Connor Syme: 'Right time' to turn professional for Scottish golfer
Scotland's Connor Syme says significant experiences in golf over the summer have led him to turn professional earlier than initially planned.
The 22-year-old takes the step up from amateur status at the European Tour's Portugal Masters on Thursday.
"I always had a plan that it was going to be the end of 2018," Syme told BBC Scotland.
"But playing the Open Championship and a few other pro events this year, I felt now was the right time."
Syme, who plays out of the Drumoig Golf Club in Fife, secured a spot at Royal Birkdale in July after successfully negotiating his way through a qualifying event at Gailes Links.
He missed the weekend cut by four strokes, but the experience, combined with input from family and fellow players, convinced him to make the decision to turn pro.
"When I played with Alastair Forsyth a few years ago in South Africa, he told me to always have a plan of when you'll turn professional but be adaptable and when you're ready you'll know," explained Syme.
"That resonated at the Open this year. My dad and family were all there as well as my management team and we decided we would have a plan in place for turning pro after the Walker Cup."
Syme will be looked after by Modest Golf, a company that has former One Direction singer Niall Horan as one of its agents.
"Niall's very involved and I've met with him a couple of times," said Syme, who is coached by his father, Stuart.
"He's very into his golf and very passionate about it. His involvement makes it an exciting company to be a part of and I couldn't have been happier with how things have gone."
In terms of events Syme hopes to play at over the coming months, he is confident of being invited to several Challenge Tour tournaments and possibly even some more European Tour events.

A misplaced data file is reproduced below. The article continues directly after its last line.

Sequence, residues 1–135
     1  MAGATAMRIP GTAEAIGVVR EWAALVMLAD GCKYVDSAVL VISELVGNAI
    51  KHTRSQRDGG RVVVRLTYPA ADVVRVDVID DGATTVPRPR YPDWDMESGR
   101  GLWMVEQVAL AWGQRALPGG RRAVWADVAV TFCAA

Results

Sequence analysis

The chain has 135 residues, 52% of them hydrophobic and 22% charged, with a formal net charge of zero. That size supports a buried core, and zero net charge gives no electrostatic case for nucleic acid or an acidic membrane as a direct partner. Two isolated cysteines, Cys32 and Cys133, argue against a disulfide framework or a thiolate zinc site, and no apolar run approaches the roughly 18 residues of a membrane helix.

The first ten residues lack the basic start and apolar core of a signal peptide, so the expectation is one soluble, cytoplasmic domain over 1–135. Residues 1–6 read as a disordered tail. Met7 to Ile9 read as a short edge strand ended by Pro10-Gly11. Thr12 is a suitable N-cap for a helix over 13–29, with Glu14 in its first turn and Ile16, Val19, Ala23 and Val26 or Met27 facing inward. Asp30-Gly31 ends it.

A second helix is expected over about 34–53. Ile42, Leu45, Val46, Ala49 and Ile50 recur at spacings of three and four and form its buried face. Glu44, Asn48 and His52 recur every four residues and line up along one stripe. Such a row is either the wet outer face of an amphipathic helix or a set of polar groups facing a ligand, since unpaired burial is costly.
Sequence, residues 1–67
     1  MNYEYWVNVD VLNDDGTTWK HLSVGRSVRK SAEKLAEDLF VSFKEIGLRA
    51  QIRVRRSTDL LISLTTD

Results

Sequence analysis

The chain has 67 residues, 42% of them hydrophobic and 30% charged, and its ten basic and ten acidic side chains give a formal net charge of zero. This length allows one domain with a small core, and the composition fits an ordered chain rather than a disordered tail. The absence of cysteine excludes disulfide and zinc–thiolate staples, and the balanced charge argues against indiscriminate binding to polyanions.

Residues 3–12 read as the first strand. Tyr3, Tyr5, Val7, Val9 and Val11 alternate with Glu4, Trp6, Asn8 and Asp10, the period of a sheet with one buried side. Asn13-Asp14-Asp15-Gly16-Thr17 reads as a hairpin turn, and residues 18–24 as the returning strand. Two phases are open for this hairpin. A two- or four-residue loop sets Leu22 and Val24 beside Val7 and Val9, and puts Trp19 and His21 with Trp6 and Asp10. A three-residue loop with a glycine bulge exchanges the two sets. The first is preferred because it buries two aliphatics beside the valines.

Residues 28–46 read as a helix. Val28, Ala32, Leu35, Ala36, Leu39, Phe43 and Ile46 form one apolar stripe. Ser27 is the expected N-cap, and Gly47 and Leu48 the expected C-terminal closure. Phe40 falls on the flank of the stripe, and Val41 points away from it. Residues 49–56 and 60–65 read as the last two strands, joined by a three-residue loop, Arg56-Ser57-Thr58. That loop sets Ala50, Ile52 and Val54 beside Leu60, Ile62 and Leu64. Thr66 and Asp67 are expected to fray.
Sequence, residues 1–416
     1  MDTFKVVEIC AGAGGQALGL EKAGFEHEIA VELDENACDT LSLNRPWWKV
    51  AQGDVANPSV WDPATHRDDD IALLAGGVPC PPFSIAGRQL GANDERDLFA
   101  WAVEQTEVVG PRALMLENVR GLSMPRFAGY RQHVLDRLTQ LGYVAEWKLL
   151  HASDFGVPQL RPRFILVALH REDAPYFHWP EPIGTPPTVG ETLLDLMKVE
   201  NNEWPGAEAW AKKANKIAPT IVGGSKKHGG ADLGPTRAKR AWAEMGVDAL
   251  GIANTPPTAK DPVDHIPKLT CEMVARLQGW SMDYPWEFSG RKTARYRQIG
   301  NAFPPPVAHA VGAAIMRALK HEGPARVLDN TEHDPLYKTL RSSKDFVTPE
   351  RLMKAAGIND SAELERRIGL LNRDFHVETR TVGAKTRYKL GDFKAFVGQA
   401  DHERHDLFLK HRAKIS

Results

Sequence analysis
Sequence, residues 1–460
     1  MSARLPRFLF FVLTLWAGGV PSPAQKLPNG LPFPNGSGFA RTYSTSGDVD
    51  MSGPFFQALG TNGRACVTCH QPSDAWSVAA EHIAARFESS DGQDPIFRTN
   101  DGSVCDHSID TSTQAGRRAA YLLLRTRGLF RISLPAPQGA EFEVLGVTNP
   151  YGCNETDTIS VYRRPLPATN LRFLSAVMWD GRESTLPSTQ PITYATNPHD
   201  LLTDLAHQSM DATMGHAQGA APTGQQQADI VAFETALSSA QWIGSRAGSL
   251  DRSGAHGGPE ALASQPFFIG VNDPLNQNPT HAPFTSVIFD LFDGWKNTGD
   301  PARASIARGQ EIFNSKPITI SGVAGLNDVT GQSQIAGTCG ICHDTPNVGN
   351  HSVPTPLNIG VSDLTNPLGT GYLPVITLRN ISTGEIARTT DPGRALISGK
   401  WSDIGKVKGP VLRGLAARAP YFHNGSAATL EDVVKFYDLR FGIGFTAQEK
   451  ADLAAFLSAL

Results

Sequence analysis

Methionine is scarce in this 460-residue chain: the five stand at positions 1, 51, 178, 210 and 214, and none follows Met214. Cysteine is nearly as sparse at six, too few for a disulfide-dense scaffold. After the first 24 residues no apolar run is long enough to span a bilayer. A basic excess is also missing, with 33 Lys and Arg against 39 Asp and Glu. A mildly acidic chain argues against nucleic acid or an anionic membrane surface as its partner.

Gaining a European Tour card at qualifying school would be an unexpected bonus this early in his professional career.
"I'll certainly be preparing myself for tour school," said Syme.
"I got through the first stage through my world amateur ranking to get to second stage, so it's nice to have a better chance of getting the European Tour card, but that's a long way away.
"I'm just taking it week by week and obviously the Portugal Masters is a brilliant way to get going in my pro golf."
Syme talks of his great respect for the likes of Paul Lawrie, Richie Ramsay, Stephen Gallacher, Scott Jamieson, David Drysdale and Marc Warren - all Scottish golfers who have been regulars on the European Tour over recent years.
Aberdonian Ramsay is the last Scot to have won an event, in Morocco in 2015.
"To maintain a tour card is no mean feat and I think the guys are doing well at that," said Syme.
"Certainly, us younger guys can look up to them and be inspired by what they have achieved.
"I know it's been a while since there has been a European Tour winner from Scotland, but guys like Bradley Neil are doing excellently on the Challenge Tour and is hopefully on his way to securing a European Tour card.
"Grant Forrest is coming through as well, so hopefully we can push on, but I don't think Scottish golf is as bad as people might think."